How do we use data to make a step change towards better bridge performance?
In 1994, a section of the upper truss of the Seongsu Bridge in Seoul, South Korea collapsed, killing 32 people. Five years ago, the Ponte Morandi bridge in Genoa collapsed, with 43 fatalities. These incidents highlight a recurring problem that is in part tied to climate change-related extreme weather events. But the common thread appears to be a lack of effective maintenance, which always depends on quality asset data.
Better data improves asset and risk management. Ageing UK infrastructure, originally built post-World War II, now faces increased usage and underinvestment, leading to a rising number of substandard bridges. In 2019, 4.4% of local council bridges were classified as substandard, and the maintenance backlog was £6.7bn.
In 2023, tight budgets are straining infrastructure in need of substantial investment. Delaying capital investment will only raise future costs for maintenance, rehabilitation and new construction. Arcadis is collaborating with Niricson to pioneer Advanced Bridge Inspections in the UK, revolutionising the way bridge condition data is collected and analysed.
Why advanced bridge inspections matter
Bridges are critical and complex structures within the UK’s transportation networks. Ensuring their safety and performance is challenging and prone to human error due to inconsistent inspections. Typically, inspections rely on visual assessments and tools like tapping hammers, leading to variations in methods and subjective interpretations. This also involves working at height and exposing inspectors to traffic hazards, making it hard to track bridge conditions and deterioration over time.
However, recent advances in artificial intelligence (AI), machine learning, robotics, computer vision and Niricson’s patented acoustic technology present the possibility of digitising the inspection process to inform maintenance, so it is targeted, repeatable and more efficient than ever before.
The possible solution?
The solution employs an autonomous robotic device like a drone to collect three layers of data. First, optical images detect and quantify surface defects like cracks and spalls. Second, an infrared sensor identifies subsurface issues such as delamination and moisture ingress up to 50mm from the top concrete surface. Lastly, Niricson’s unique acoustic sensor can detect and quantify delamination up to 200mm in concrete.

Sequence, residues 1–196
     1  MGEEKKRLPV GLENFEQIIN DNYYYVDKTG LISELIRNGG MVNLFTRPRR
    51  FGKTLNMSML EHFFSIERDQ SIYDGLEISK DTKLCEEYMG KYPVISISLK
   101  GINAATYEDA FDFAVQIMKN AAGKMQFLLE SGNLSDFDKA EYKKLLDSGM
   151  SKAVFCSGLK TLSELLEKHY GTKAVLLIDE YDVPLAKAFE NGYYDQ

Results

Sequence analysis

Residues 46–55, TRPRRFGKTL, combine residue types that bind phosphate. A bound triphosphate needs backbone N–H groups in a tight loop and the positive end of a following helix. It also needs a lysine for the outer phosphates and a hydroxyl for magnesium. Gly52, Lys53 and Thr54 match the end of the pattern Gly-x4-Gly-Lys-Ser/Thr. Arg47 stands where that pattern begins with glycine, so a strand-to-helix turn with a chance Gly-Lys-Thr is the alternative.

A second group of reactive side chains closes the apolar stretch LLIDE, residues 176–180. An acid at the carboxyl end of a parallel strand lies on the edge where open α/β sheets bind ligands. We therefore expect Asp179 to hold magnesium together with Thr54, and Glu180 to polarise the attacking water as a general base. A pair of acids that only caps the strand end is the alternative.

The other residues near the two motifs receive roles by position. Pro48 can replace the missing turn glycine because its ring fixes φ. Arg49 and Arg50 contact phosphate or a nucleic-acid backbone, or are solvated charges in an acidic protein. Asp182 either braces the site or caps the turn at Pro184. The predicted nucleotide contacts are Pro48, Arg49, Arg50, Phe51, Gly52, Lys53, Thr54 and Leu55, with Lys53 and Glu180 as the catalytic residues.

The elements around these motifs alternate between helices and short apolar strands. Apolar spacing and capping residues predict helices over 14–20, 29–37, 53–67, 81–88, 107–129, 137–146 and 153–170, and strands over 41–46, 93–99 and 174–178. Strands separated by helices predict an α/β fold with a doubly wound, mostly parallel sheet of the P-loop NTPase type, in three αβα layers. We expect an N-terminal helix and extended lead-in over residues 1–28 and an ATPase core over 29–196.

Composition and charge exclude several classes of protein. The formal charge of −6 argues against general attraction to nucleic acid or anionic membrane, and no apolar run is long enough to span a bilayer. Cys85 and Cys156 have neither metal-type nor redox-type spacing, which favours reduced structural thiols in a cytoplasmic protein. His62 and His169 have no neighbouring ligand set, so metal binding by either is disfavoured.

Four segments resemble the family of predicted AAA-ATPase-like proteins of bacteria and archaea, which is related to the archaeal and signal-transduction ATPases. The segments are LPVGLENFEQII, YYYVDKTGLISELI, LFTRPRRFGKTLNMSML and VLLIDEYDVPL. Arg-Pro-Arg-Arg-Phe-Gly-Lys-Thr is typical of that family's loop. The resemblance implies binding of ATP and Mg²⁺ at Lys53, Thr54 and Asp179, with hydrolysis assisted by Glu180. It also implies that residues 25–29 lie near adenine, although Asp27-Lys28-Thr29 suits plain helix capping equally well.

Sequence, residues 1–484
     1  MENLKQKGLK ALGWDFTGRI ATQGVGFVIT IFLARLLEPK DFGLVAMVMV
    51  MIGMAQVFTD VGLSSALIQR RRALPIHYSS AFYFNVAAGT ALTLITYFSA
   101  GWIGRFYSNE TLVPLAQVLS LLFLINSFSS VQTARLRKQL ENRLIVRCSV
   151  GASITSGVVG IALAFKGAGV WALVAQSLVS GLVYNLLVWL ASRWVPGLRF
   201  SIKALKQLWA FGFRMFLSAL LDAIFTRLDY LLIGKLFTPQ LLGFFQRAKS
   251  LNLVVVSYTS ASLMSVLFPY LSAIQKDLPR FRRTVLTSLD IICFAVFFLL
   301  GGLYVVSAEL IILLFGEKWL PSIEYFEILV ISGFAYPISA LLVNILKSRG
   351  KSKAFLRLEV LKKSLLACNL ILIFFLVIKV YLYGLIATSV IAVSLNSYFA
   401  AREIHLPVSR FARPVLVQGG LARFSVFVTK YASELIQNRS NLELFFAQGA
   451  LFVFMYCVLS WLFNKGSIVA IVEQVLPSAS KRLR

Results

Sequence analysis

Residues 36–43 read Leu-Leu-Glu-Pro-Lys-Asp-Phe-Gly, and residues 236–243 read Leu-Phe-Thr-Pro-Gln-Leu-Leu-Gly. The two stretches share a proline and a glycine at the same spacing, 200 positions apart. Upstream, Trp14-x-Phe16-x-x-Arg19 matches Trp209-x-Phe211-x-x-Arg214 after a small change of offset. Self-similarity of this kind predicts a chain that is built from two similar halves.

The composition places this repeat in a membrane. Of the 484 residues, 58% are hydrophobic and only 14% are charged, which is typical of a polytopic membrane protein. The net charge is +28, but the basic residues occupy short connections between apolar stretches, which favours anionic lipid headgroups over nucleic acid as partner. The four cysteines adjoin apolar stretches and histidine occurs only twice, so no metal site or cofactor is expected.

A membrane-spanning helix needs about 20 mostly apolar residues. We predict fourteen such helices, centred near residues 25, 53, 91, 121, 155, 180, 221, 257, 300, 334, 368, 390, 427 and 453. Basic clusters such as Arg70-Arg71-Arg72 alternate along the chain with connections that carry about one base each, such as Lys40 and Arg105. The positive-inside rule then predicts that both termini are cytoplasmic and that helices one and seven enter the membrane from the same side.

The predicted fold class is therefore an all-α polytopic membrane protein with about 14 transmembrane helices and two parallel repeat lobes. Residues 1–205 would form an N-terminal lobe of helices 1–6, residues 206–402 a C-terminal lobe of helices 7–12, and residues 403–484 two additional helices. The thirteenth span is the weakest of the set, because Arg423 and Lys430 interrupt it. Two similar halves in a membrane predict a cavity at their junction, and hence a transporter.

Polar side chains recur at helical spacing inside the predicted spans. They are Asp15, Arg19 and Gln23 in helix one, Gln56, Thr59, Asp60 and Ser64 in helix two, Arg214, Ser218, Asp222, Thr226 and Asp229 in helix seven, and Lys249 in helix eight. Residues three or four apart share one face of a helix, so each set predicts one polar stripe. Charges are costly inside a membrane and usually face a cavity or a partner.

All this multi-layered data is collected by Dronic proprietary data collection technology using these sensors. It is then processed by Autospex software which employs deep learning to automatically detect and quantify defects. The software generates a defects map showing the location and extent of surface and subsurface deficiencies.
Arcadis engineers use this information to consistently and comprehensively assess bridge health.
This data feeds into risk and asset management systems, enabling informed decisions for the long term safety and durability of the assets.
Having these detailed data sets makes it possible to generate a baseline condition assessment of bridge structures which can be tracked over time. An easier, quicker and more comprehensive reporting system, it also gives much greater foresight in terms of predicting cost as well as materials and resources. This is of huge benefit to asset owners, governments and ultimately the taxpayer.
With Niricson’s Autospex, an AI-enhanced predictive analytics platform, Arcadis offers a holistic Bridge Health Solution, allowing all stakeholders to collaborate over digital defect maps for the first time.
Through the remote inspection and monitoring of concrete bridges, this service provides support to the whole lifecycle of the asset working to extend the lifespan, saving on capital expenditures, rebuilds and CO2 emissions. But most importantly, it ensures risks to the public and asset owner are drastically reduced.
Published in association with Arcadis
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